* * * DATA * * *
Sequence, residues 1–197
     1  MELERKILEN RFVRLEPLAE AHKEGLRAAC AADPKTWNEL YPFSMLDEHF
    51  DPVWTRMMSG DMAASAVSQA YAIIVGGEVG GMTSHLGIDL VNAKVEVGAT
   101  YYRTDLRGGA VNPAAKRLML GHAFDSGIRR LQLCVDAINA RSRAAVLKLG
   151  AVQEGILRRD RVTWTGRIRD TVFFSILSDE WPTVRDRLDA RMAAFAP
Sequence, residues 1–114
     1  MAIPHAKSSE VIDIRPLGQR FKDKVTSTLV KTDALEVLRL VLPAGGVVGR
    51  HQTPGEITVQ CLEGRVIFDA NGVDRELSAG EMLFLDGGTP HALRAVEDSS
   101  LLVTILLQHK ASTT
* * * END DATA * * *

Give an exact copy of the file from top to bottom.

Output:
Sequence, residues 1–197
     1  MELERKILEN RFVRLEPLAE AHKEGLRAAC AADPKTWNEL YPFSMLDEHF
    51  DPVWTRMMSG DMAASAVSQA YAIIVGGEVG GMTSHLGIDL VNAKVEVGAT
   101  YYRTDLRGGA VNPAAKRLML GHAFDSGIRR LQLCVDAINA RSRAAVLKLG
   151  AVQEGILRRD RVTWTGRIRD TVFFSILSDE WPTVRDRLDA RMAAFAP
Sequence, residues 1–114
     1  MAIPHAKSSE VIDIRPLGQR FKDKVTSTLV KTDALEVLRL VLPAGGVVGR
    51  HQTPGEITVQ CLEGRVIFDA NGVDRELSAG EMLFLDGGTP HALRAVEDSS
   101  LLVTILLQHK ASTT